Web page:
Arthur Symons: A Critical Biography
Roger Lhombreaud disappoints the hope that this first biography of Symons might obviate the need for another. He is straightforward and affable, but Symons was affable too, and more rigor is required in his biographer. M. Lhombreaud has worked on Symons for over ten years, and he is the first to take advantage of the many unpublished papers and letters now scattered among several libraries. He sometimes summarizes these but rarely quotes from them, though his book would profit from detailed-evidence. Instead he prefers to quote at length from formal reminiscences of Symons by other writers; while correcting factual errors he fails to offer sufficient comment to bring this material within his own perspective. When problems of interpretation appear, as with Symons’s insanity or his possible obsession with evil, M. Lhombreaud offers a few psychiatric words and otherwise declines responsibility for analysis. In four long and loosely organized chapters which make up the book, he moves uncertainly from topic to topic, underplaying his hand.
Symons deserves more incisive treatment. Not a great writer, as M. Lhombreaud concedes, he was a useful and in many ways attractive one. As a young Cornishman, privately educated and precocious, he descended upon London resolved to make the metropolis aware of him. Soon he was more cosmopolitan than anybody. At a strategic moment, when Villiers, Verlaine, Mallarmé, and others were in their last years, he took to frequenting the continent, Paris above all, and to bringing back sad, bad, mad news of that brilliant and dissolute world.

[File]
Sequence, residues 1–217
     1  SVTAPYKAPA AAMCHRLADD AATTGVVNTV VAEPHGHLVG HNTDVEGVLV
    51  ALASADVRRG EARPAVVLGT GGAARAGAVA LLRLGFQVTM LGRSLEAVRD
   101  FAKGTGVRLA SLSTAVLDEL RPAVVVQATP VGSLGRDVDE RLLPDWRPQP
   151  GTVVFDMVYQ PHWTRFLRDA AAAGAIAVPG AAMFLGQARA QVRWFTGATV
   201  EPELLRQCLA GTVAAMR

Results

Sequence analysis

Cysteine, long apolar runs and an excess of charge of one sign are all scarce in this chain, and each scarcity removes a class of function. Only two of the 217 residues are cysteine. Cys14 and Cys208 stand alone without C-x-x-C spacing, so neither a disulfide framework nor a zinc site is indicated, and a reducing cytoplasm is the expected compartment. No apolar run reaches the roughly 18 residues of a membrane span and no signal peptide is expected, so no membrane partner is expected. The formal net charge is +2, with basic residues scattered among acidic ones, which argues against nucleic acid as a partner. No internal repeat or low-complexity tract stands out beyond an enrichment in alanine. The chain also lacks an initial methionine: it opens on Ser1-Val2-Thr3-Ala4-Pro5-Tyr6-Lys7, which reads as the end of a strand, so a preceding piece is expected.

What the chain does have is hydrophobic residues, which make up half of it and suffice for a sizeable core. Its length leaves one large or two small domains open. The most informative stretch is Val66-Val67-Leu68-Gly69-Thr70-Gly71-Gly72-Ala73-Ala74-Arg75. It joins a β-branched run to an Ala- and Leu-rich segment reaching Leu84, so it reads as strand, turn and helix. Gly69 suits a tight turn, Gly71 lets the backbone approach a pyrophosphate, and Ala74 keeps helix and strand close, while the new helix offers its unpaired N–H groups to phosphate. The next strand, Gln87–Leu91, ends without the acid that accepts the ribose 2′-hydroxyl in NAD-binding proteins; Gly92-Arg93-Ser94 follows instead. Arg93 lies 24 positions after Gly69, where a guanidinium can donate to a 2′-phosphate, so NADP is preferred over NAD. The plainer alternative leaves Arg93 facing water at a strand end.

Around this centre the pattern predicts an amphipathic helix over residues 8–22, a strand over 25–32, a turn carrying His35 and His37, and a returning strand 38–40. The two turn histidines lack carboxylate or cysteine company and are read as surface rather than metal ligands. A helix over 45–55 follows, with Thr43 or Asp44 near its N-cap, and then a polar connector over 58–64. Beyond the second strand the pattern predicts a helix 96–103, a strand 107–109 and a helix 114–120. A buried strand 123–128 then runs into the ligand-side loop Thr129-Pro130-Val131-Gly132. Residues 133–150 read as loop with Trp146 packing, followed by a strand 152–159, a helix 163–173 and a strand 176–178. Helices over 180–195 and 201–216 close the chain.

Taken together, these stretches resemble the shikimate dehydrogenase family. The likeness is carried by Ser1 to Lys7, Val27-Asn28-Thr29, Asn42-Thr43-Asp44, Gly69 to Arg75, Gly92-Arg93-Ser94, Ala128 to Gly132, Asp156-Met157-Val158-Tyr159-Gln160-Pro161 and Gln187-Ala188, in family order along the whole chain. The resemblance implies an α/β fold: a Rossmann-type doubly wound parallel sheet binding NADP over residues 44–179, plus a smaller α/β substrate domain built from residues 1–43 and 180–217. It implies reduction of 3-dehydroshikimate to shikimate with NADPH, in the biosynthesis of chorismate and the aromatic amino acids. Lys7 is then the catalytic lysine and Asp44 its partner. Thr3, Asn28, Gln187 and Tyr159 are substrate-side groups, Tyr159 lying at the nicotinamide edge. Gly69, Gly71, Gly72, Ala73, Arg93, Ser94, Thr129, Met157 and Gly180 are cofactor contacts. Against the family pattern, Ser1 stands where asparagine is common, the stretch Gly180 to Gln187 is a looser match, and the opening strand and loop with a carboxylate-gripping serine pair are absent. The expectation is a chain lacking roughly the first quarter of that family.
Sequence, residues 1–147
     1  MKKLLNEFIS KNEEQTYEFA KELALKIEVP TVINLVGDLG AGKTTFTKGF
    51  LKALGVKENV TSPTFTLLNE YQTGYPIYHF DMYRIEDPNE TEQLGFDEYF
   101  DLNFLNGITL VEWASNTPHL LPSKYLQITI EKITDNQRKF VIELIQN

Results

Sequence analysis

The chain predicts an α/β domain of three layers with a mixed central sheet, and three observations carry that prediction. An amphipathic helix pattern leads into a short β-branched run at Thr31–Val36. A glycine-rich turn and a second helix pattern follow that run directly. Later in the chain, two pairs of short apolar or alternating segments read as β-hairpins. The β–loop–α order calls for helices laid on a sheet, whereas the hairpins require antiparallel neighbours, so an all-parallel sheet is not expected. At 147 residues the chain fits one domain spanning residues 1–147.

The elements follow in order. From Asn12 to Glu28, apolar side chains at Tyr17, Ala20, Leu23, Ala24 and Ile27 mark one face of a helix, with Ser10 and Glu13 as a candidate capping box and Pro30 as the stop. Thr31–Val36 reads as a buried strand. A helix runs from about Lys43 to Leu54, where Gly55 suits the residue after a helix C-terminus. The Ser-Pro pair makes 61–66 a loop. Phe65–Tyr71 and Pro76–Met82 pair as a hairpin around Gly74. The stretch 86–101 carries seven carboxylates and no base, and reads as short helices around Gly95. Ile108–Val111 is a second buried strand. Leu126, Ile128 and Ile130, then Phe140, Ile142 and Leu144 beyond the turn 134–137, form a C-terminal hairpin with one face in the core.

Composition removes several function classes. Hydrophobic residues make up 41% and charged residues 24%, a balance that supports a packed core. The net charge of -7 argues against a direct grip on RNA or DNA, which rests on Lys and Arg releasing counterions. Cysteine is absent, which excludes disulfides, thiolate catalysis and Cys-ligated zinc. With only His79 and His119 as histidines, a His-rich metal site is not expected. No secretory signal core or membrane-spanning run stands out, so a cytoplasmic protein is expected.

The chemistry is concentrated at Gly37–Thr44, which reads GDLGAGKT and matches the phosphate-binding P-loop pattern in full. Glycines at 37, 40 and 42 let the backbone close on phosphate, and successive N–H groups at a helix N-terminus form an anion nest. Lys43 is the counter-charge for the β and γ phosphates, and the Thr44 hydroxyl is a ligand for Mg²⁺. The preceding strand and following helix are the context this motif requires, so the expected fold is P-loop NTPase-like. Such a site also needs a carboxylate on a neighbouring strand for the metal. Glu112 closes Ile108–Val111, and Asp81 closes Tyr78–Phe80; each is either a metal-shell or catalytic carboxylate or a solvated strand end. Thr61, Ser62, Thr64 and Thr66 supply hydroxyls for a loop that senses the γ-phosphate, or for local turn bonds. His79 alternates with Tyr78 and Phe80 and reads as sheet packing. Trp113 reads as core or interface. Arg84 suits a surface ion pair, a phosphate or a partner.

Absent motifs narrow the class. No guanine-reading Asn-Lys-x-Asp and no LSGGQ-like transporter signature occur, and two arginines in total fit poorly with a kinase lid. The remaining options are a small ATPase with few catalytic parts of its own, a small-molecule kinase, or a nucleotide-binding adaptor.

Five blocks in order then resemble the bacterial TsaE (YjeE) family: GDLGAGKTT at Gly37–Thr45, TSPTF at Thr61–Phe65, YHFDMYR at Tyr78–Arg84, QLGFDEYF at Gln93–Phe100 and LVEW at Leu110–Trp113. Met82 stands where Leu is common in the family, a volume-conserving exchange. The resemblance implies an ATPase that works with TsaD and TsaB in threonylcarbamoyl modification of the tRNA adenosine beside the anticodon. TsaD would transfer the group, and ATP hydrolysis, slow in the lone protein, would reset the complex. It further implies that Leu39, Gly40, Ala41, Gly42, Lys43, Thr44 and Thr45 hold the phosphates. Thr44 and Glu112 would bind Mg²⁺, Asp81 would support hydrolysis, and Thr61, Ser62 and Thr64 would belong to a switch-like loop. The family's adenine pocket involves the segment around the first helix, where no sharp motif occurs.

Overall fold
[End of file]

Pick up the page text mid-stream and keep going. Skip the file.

Some elements of his behavior might have been predicted. That the son of a Methodist preacher should hate all clergymen is standard, of course, and the juvenile poems about Judas, Cain, and opium eating are necessary corollaries. But Symons offers a subtler confusion of would-be profligacy and innocence. He dazzled Yeats by his procession of loves, from ballet dancers to serpent-charmers. Yet he seems to have wished to suffer for his studied sinfulness by having these women reject or forsake him, and all the time he longed for a love as hopeless as Yeats’s. This was almost vouchsafed him, M. Lhombreaud indicates, by the woman who kept him waiting interminably until she decided he was worth marrying. Meanwhile Symons as a writer prided himself on poems like “Stella Maris,” where he referred to “the Juliet of a night.” It was, as he told Paul Verlaine, “un peu osé” for an English review. He was always hoping to sound as sinful as Baudelaire. But when challenged in moral terms he retreated by suggesting that the poems pictured his moods rather than his doings, a possibility with which M. Lhombreaud is inclined to agree.
Symons did in fact take up bad habits with the utmost moderation. Yeats’s example, cited here, is the best: when he and Symons shared rooms in Fountain Court, The Temple, in 1895-96, they tried for a month drinking two glasses of whisky every night before retiring, to find out if addiction might result …
This article is available to online subscribers only.
Please choose from one of the options below to access this article:
Purchase a print premium subscription (20 issues per year) and also receive online access to all all content on nybooks.com.
Purchase an Online Edition subscription and receive full access to all articles published by the Review since 1963.